The Mighty Spector is the second newly-created character from the Masters of the Universe Classics 30th Anniversary subline, and a controversial creation to say the least. Check out more pics and thoughts on this figure after the jump!
The Mighty Spector™ Bio
Real Name: John Spector
After Skeletor® banished King Randor® to Despondos™, he seized his rightful throne and dismantled the Eternian Palace Guards™. Loyal to Marlena and the Royal Household, Lt. Spector™ was cut off from the rest of the Masters of the Universe® when he was thrown into a time portal and flung into the future. In this new time, he served King He-Man® and was given a special suit reverse-engineered from the Cosmic Key™. Using its powers, Spector could travel into time, fighting for the Royal Family as their agent throughout Eternia’s history. Spector uses his Vortex Suit to turn the tide in battle, loyally serving the King and Queen of Eternia®.
First off, can I say that I love that his name is John? It’s such a common name, but if feels appropriate for a fantasy setting. I think it’s cool that he was flung into the future, and we get our first MOTUC-canon look at the future of Adam and possibly the “Dare, Son of He-Man” storyline.
Creator Scott Nietlich has said in interviews that Spector is kind of like a time cop, keeping people from messing with the timeline. I’m assuming it’s probably Skeletor, but the bio doesn’t really say. I would like it if there was an explanation of who exactly Spector was fighting in the past or why Spector was uniquely suited for being the time traveling agent.
Spector comes with removable web gear and holster, a blaster, and a time-travel wrist device that can be swapped out with another device that has an energy blade.
The web gear is made of very flexible, bright yellow plastic. It’s a little too bright in my opinion, and it looks kind of cheap and too toy-like for my taste. If you look at the concept art, the purple and gold color scheme is less jarring and looks much nicer when the web gear is a darker yellow-gold.
The blaster is made of a nice stiff plastic and has a cool, “1980s-blaster” style to it. It fits nicely in Spector’s holster.
My favorite accessory on this figure is the time-travel wrist device. This device takes design cues from the cosmic key from The Masters of the Universe live-action movie.
The device is removable from the wrist peg, and can be swapped with a version of the device with an energy blade. An energy whip was also planned, but unfortunately had to be scrapped for cost reasons. It seems to be a bad year for whip accessories.
Spector has Man-E-Faces’ boots, left hand, and lower torso, along with He-Man’s upper torso, shoulders, biceps, and right forearm. The new pieces are the accessories, the head sculpt, and the left forearm.
The head sculpt is a perfect superhero mask, and recalls some of the more expressive Deadpool artwork by Alvin Lee where you could actually read Deadpool’s expressions under the mask. On this figure, you can definitely make out the facial features under the mask. The time-travel device gauntlet has a miniature control panel that reminds me of the self-destruct device the creature from the film Predator used, right down to the control keys with alien glyphs.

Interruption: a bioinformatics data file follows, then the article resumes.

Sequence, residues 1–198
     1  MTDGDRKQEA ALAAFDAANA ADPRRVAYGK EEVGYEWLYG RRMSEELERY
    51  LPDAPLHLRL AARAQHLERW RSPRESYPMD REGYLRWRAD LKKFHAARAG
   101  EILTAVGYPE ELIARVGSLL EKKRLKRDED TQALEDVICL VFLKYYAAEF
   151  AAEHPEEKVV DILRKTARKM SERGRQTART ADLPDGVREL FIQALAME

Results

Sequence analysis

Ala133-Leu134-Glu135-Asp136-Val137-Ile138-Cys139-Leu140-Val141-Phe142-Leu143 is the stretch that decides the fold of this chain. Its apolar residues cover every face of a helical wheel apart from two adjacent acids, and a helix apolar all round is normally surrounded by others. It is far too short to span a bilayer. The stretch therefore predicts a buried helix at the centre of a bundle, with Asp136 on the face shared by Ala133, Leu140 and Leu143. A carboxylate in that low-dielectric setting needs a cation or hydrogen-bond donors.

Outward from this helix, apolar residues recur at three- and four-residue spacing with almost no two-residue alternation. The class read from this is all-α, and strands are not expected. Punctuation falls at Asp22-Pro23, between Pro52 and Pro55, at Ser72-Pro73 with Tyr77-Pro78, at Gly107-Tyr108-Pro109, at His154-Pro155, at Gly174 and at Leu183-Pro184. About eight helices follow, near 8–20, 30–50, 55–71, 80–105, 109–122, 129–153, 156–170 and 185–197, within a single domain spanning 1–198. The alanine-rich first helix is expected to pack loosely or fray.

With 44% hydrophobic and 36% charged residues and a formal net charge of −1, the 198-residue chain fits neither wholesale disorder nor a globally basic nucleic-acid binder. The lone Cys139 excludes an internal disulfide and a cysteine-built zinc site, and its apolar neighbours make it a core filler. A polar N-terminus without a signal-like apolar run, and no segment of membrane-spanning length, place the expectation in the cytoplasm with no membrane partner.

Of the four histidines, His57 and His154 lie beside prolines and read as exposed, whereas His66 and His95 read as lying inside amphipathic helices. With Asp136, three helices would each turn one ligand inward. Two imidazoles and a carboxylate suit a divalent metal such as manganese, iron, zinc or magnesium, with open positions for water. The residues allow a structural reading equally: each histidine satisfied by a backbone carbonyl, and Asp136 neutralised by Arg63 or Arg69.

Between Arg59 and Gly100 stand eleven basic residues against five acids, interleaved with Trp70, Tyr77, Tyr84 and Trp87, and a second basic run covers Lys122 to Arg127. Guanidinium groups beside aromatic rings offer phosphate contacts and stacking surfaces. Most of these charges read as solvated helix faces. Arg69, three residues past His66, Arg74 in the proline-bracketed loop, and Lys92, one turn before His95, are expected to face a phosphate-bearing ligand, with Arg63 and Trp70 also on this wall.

The time-travel device itself has the look of a miniaturized cosmic key grafted onto a light sabre. The blade itself has an interesting texture that gives it an almost shimmering feel that I like quite a bit. I normally like the open hands on MOTUC figures since they are more expressive, but I feel like Spector would have benefited from a fist on his right hand. I feel like the guy would make a fist while attacking with his energy blade.
Spector has the standard MOTUC articulation. The leg movement is a little bit hindered by the plastic of Man-E-Faces’ lower torso piece. It seems a little harder on this figure than on Man-E; otherwise, his articulation has a good range of motion. He actually looks up a lot better than most MOTUC figures since he has no hair or helmet getting in the way. And I’m glad to say the web gear does not impede articulation at all.
Paint on Spector is minimal. He is cast in mostly the purple plastic of his costume and the purple is a nice, flat plastic. In hand, I don’t see the shimmery effect of earlier Spector figures we saw in previews, but it does show up a little in pictures.
The only paint issue I see is the web gear–it’s just too bright and fake looking. There is a slight darker shading around the leg strap that helps make the plastic look a little less fake, but it isn’t used enough to knock down that bright yellow plastic look. A different, darker plastic would have been nicer.
I also don’t love the spade symbol on the chest armor. I’m not someone who opposed the inclusion of that symbol as a design choice, but in practice, the dark black symbol tampo on the bright yellow plastic looks a little cheap.
As I said before, The Mighty Spector is a fairly controversial character for MOTU fans. I did not immediately love the design since it recalls comic book characters from the ’90s of the Liefield and Lee school of character design, and that was not particularly a favorite era of mine. Whatever the artists’ original intentions, the design feels like a character out of Blacklash, WildC.A.T.S, Youngblood, or some other Image Comics book. That’s not a bad thing, necessarily, since I think there is room for a wide variety of genre characters in MOTU, but it’s not an aesthetic I particularly love.
That said, the design has been growing on me over time, and after finally getting this figure in hand, I find that I really like it. The figure itself is pretty fun to mess around with. The blaster and the energy blade lend themselves to a lot of fun poses.
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